Not so long ago, variable valve timing systems like Honda's VTEC and Mitsubishi's MIVEC were used to extract ludicrous horsepower from relatively small capacity engines.

Now, in an age of MPG rather than MPH, the carmakers are using these systems to meet a greener end, reducing fuel consumption and emissions.

Mitsubishi has announced a new version of its MIVEC variable valve timing and lift system is being used in a new, 1.8-liter 138-horsepower engine for the Outlander Sport compact SUV,  Lancer sedan and Lancer Sportback 5-door hatchback.

Combined with a new stop-start system designed for the cars' continuously variable transmission (CVT), Mitsubishi claims up to 12 percent improvement in efficiency when measured on the Japanese 10-15 mode cycle.

Japanese and European cycles differ from the EPA's testing methods but the changes should result in a 2-3 MPG improvement across the board, and every little helps.

The 4J10 MIVEC Engine

MIVEC used to be fitted in cars like the Mitsubishi Lancer Evolution and Japanese market only FTO sports coupe, giving an aggressive step up in power when the valve timing changed at high revs.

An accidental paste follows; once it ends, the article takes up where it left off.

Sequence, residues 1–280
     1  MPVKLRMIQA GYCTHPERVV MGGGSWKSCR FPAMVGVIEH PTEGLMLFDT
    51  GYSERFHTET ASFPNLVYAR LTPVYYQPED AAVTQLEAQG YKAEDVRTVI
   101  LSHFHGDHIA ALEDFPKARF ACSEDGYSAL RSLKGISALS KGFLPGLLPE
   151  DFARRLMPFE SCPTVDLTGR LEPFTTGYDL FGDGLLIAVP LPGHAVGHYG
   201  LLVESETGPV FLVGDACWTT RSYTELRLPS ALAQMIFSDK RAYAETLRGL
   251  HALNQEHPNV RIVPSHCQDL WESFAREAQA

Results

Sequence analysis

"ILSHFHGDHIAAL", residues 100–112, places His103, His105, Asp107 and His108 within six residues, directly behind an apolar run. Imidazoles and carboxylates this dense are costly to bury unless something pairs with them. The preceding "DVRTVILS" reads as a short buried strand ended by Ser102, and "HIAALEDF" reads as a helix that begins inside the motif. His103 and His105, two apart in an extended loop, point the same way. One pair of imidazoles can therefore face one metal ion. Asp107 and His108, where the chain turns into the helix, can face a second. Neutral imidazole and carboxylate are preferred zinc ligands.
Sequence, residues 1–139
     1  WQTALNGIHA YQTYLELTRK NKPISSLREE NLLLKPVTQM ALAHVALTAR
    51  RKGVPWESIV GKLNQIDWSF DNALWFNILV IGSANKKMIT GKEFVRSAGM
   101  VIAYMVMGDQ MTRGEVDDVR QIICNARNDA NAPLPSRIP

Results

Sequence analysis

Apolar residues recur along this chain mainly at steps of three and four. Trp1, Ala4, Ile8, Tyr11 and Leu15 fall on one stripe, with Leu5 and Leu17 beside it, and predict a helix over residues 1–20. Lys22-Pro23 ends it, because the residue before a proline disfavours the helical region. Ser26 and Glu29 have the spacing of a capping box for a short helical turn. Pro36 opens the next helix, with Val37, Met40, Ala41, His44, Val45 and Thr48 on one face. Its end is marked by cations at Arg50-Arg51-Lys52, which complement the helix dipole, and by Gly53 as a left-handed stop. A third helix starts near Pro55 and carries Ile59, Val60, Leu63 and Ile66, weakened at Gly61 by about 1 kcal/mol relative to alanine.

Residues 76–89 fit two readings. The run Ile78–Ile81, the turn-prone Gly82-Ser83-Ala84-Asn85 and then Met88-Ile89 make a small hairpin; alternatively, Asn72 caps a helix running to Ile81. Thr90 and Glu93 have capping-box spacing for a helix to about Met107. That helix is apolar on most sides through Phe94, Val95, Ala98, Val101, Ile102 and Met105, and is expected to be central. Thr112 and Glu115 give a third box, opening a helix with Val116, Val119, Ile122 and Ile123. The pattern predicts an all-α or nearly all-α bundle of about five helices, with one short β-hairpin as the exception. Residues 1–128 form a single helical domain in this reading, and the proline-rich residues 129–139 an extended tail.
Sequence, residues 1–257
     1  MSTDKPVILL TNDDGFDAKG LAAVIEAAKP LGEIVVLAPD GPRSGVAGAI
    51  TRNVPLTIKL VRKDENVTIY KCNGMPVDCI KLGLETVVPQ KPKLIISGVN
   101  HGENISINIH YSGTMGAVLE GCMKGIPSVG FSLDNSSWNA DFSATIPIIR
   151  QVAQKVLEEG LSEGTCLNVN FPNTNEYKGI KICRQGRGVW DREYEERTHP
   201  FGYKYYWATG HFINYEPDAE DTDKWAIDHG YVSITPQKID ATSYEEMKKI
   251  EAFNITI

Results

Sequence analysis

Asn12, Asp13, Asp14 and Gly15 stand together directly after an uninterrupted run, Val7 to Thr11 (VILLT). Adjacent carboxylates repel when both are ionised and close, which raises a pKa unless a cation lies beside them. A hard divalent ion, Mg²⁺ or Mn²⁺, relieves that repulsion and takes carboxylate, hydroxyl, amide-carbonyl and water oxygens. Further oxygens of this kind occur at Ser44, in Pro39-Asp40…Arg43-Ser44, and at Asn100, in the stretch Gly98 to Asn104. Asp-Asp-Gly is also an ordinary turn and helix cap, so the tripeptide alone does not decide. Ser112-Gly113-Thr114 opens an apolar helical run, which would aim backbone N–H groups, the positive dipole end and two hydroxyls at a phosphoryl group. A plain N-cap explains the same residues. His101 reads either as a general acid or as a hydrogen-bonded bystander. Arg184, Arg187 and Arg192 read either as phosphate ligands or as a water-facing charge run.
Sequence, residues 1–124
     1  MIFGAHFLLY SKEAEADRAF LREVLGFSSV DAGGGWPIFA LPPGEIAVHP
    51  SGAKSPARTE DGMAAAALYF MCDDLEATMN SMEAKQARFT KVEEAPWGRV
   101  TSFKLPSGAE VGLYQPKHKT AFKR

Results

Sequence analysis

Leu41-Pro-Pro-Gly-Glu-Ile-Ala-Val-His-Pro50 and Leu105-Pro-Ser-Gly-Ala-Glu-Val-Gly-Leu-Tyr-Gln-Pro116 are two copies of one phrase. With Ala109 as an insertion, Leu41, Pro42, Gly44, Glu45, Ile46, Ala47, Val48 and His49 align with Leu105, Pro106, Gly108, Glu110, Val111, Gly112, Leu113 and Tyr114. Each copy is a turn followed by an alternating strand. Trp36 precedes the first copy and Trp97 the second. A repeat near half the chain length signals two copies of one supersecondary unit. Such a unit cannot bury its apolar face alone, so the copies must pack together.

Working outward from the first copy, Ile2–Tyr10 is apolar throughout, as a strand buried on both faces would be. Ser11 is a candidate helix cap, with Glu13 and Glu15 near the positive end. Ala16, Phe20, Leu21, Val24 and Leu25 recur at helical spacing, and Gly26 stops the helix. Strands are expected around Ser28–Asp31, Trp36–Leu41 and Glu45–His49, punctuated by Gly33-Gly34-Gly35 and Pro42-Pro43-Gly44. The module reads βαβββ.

The latest MIVEC system uses variable valve timing, lift and duration to ensure that the air-fuel mixture is continually varied depending on engine demands. Strong torque can be delivered at low revs, power at the top end, and under lighter load fuel consumption can be reduced to a minimum.

The new system can also be used in single-overhead cam engines which reduces weight, size and cost.

Auto Stop & Go

Stop-start systems are a hot topic for manufacturers in the U.S. as their benefits are rarely reflected in better EPA mileage figures. Current EPA testing doesn't spend enough time at idle for stop-start to come into effect.

Even so, drivers who spend a lot of time in traffic shouldn't be misled, as an engine not running at all those stop lights or in heavy traffic is saving you a lot of fuel.

The new stop-start system works with Mitsubishi's CVT, previously only available on manual transmissions. It incorporates a brake-hold system to keep the car at a standstill on inclines until power hits the wheels, and a higher-capacity battery ensures your audio system and navigation still function when the engine cuts out and restarts.

MIVEC may no longer be used exclusively for performance, but the benefits for driving in the real world are bigger than ever.